Friday, June 26, 2009

Money for eggs for stem cell research

While it has long been legal for women to sell eggs to help infertile couples have children, it is most often illegal for researchers to purchase eggs. This has now changed in NY, not without controversy.

Rob Stein has a great story in the Washington Post: New York to Pay Women to Give Eggs for Stem Cell Research. I'm going to quote at length from it below, because the controversy in many ways parallels that about whether or not there should be a market for kidneys.

Both controversies revolve around whether compensation for donors is a repugnant transaction, involving coercion, or exploitation, or the objectification* of people, or the encroachment of markets into areas that should be outside of market influence, or whether these are transactions that willing adults were until now unreasonably prevented from participating in. Quotes follow, emphasis added.

"New York has become the first state to allow taxpayer-funded researchers to pay women for giving their eggs for embryonic stem cell research, a move welcomed by many scientists but condemned by critics who fear it will lead to the exploitation of vulnerable women.
The Empire State Stem Cell Board, which decides how to spend $600 million in state funding for stem cell studies, will allow researchers to compensate women up to $10,000 for the time, discomfort and expenses associated with donating eggs for experiments. "
...
"The little-noted decision two weeks ago puts New York at odds with policies in every other state that provides funding for human embryonic stem cell research and with prevailing guidelines from scientific organizations, including the National Academy of Sciences.
The move was welcomed, however, by proponents of stem cell research, stem cell scientists and some bioethicists, who said it would remove a major obstacle to pursuing some of the most exciting goals of the research -- including producing replacement tissues tailored to individual patients. " ...
"But the decision was questioned by others, including opponents and some proponents of stem cell research.
"In a field that's already the object of a great deal of controversy, the question is, are we at the point where we really need to go that route in order to do the science?" said Jonathan D. Moreno, a professor of bioethics at the University of Pennsylvania. "I'm not convinced." "
...
""The lack of compensation has meant it's been nearly impossible to get enough eggs," said Douglas A. Melton, co-director of the Harvard Stem Cell Institute in Boston. "
...
But proponents of reimbursing women have argued that fertility clinics routinely pay women thousands of dollars to donate eggs to help infertile women have children.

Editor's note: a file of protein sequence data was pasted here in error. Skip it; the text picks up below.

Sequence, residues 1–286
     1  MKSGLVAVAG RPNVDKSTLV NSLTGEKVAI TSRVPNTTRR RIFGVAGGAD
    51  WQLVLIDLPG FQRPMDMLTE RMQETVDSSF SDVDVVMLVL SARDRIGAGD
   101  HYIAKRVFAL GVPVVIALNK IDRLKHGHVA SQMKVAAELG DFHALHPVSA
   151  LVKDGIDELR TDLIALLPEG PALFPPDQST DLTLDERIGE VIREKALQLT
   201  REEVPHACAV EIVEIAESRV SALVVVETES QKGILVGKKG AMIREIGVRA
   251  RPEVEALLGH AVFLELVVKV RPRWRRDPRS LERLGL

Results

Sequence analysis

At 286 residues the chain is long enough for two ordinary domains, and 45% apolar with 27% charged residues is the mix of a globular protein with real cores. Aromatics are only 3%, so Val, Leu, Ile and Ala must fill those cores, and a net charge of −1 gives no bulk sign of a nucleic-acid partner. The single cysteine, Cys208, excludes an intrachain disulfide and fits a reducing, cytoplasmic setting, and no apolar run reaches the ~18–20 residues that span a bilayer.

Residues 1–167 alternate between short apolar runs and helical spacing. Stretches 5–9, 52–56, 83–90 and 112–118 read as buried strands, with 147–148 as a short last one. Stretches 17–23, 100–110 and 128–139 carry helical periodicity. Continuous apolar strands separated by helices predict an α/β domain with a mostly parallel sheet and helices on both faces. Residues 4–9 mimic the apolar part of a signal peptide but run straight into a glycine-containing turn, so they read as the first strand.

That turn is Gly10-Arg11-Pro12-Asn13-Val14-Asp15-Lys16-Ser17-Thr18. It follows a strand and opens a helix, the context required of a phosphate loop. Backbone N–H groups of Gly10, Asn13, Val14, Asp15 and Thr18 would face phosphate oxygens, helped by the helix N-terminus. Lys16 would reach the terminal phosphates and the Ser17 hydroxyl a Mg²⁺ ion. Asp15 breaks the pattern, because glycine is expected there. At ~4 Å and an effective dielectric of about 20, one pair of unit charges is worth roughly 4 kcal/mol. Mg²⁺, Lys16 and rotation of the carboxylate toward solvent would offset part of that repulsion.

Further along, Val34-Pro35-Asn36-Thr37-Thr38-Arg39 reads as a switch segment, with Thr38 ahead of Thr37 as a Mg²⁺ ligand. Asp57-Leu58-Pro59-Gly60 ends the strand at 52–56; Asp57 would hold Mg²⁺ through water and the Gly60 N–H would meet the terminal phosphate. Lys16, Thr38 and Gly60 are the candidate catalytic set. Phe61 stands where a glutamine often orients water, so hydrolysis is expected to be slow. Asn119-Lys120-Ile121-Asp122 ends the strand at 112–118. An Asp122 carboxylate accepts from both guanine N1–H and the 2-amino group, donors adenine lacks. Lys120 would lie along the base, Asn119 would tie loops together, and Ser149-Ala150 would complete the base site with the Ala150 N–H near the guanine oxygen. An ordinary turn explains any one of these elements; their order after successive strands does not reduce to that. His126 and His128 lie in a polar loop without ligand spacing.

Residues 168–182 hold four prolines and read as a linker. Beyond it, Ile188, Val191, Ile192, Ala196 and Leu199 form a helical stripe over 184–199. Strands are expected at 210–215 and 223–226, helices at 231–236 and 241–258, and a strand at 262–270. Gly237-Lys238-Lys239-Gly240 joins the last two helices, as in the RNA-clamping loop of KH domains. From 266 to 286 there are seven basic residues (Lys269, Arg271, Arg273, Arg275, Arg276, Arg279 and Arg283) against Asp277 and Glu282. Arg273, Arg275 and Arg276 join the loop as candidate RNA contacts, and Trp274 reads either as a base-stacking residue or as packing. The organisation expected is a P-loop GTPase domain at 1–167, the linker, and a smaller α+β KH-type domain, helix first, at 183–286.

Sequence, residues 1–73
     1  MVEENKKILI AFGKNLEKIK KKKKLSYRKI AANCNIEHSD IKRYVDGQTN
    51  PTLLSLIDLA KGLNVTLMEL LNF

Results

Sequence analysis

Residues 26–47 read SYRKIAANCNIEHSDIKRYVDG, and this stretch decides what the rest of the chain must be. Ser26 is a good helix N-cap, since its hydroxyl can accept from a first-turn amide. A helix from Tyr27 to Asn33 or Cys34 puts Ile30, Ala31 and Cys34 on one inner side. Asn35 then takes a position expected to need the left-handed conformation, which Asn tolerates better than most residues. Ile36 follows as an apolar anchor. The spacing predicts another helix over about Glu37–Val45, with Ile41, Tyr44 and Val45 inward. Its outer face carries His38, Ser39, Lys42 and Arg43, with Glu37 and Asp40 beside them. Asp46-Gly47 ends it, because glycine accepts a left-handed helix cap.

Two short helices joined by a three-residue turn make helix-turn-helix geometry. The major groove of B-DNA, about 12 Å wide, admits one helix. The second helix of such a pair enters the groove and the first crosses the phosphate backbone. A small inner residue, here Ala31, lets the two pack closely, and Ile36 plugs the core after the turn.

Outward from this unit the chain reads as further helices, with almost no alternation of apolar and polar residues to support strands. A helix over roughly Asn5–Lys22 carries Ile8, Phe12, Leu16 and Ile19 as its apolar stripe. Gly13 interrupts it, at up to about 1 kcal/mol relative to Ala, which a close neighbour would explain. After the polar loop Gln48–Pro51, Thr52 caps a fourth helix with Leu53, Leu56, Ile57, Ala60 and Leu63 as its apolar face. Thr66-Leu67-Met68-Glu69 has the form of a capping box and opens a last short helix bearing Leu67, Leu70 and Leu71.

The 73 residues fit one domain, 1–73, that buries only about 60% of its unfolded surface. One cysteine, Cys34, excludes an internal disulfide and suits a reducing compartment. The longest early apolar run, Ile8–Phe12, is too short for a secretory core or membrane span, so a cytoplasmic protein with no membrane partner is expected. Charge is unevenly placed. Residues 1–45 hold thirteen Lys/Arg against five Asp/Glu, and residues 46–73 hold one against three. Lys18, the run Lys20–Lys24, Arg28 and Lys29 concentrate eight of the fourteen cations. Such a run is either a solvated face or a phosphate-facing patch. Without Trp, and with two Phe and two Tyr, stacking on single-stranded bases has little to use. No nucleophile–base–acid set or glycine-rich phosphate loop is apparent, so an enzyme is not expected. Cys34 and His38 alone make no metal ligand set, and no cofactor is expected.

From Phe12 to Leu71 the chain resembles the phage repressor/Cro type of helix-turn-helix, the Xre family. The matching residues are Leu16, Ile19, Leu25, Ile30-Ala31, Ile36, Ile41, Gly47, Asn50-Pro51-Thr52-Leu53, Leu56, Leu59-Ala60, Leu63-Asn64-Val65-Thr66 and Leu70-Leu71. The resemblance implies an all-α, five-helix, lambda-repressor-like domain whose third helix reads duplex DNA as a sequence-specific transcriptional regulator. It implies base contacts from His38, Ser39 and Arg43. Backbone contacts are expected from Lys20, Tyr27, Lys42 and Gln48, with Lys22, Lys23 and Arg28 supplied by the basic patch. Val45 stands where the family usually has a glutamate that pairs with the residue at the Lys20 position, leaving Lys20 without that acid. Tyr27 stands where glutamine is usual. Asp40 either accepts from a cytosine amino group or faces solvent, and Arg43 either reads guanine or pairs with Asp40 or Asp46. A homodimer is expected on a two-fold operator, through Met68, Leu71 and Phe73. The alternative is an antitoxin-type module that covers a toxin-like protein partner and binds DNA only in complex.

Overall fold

In making its decision on June 11, the New York board argued that there was no reason that stem cell researchers should be precluded from offering women equivalent sums, although they stressed that researchers should follow the same guidelines as fertility clinics: Anything over $5,000 must be justified, and anything over $10,000 would be excessive.
"We could not distinguish ethically between the payment for in vitro fertilization, which is very well precedented, and the compensation for donation for research," Hohn said.
Ronald M. Green, a Dartmouth College bioethicist, agreed.
"It is discriminatory against women to ban them from receiving payment," Green said. "We pay for participation in research that has risks associated with it for other procedures. So why not this? The idea that women cannot make that decision on their own strikes me as sexist.

But Moreno, at the University of Pennsylvania, questioned whether enough effort had been made to persuade women to donate eggs without compensation. "I wonder if all the expertise that could be brought to be bear on this problem of getting unreimbursed donation have been explored," he said. "
...
"Moreover, critics worry that the move could lead to the exploitation of women, especially poor women, who tend not to be in demand for infertility donation.
"With the economy the way it is, you don't need to be a rocket scientist to know that when a woman is looking at receiving up to $10,000 to sign up for research project, that's an undue inducement,"
said Thomas Berg, a Catholic priest who directs the Westchester Institute for Ethics & the Human Person and serves on the Empire State Stem Cell Board's ethics committee. He opposed the decision. "I think it manipulates women. I think it creates a trafficking in human body parts."
Others agreed, calling it an unnerving precedent.
"Whenever society starts to pay for relationships that are traditionally done with altruism and generosity within families, it raises the issue of whether there is anything that is not for sale," said Laurie Zoloth, a Northwestern University bioethicist. "


*On arguments involving objectification and such, see here, starting on p.45

4 comments:

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